Ford Escort Mk 1 advertisement

Ford wasted no time in putting a sporting version of the Ford Escort out into the marketplace with their introduction of the Escort 1300GT in 1968. This car featured the 1.3 liter Kent OHV engine with some performance tweaking that included a single Weber carburetor, the engine producing a not at all eye-watering 75hp.

The suspension was tuned for sporting use and the instrumentation made more extensive with inclusion of a tachometer, oil pressure gauge, coolant temperature gauge, and battery charge meter. The 1300GT also had a speedometer so the driver would know just how far over the speed limit he/she was when pulled over by the police.

Ford Cortina 1300GT Mk1 dashboard

The 1300GT was a car that really showed off the Escort’s sporting potential with the ultra positive rack and pinion steering and sports suspension providing an excellent driving experience. The 1300GT was also a marketing strategy that gave the new Ford Escort Mk 1 a sporting reputation. It made the Escort a competitor with the likes of the Mini Cooper and set the stage for the real motorsport competition that was about to take place. Not only that but the “dog bone” front styling actually looked perfectly at home with a couple or four rally driving lights hung on it.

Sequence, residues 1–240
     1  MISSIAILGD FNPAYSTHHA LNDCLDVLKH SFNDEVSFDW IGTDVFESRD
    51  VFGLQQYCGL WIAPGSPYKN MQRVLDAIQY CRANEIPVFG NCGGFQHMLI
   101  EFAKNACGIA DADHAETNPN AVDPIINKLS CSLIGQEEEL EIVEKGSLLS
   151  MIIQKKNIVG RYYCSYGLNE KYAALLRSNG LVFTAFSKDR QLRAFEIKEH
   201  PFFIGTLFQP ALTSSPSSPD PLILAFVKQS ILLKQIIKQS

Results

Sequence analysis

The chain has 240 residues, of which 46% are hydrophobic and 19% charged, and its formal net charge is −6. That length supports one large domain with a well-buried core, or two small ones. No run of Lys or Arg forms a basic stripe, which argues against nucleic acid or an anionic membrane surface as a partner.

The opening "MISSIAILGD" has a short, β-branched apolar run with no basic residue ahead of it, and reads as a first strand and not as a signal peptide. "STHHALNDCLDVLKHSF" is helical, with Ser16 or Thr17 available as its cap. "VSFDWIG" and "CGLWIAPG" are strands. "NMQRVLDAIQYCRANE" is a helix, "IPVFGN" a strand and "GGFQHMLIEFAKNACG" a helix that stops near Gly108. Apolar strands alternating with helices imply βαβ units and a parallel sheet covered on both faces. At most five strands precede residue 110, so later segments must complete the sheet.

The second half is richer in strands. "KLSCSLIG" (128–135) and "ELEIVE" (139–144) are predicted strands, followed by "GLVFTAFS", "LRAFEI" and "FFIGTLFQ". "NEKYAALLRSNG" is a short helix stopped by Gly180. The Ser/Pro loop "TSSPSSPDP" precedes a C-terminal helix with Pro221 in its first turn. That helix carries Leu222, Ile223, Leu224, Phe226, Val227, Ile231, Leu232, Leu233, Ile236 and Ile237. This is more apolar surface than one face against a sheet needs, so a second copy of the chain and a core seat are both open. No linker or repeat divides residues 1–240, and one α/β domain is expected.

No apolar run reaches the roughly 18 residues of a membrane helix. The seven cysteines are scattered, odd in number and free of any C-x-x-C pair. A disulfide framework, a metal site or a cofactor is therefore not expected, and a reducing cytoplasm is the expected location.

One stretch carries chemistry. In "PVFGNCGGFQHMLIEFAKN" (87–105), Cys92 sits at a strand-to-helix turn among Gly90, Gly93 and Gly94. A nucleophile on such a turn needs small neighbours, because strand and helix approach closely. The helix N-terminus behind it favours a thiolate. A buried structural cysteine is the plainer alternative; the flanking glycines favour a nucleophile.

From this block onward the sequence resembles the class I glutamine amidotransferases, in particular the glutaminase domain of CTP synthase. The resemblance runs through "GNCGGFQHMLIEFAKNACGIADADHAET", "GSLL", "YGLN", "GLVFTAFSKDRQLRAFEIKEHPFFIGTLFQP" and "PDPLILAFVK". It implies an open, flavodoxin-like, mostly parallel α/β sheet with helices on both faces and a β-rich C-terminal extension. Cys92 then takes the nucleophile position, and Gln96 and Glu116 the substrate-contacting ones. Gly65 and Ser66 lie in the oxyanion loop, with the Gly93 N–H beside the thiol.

Ford Escort 1300GT Mk 1

The Ford Escort had been designed to be a Mini killer. It was time to go and kill some Minis.

The Ford Escort Mk 1 Twin Cam and the 1300GT

Just as the Lotus Cortina had been fitted with the 1.5 liter Twin Cam Lotus modified Kent engine that was used in the Lotus Elan so it didn’t take long for Ford’s team to shoehorn one into an Escort. The first experimental job was done under the direction of Henry Taylor at the Ford competition department at Boreham. The end result was not at all boring but was all that the guys in the competition department had hoped it would be. Ford management were persuaded of the need to build 1,000 of these little Lotus engined hot-rods to meet Group 2 homologation and lo and behold the Escort Twin Cam was born and set on track to take the world by storm.

Ford Escort 1600 GT

The body shell required some changes from stock standard including modifying the transmission tunnel to allow a more bulky ZF gearbox to be fitted in,  and suspension more suited to racing and rallying, most of which came from the Lotus Cortina, complete with Atlas axle. The Twin Cam engine produced 106hp @ 6,000rpm and propelled the little Escort to 113mph.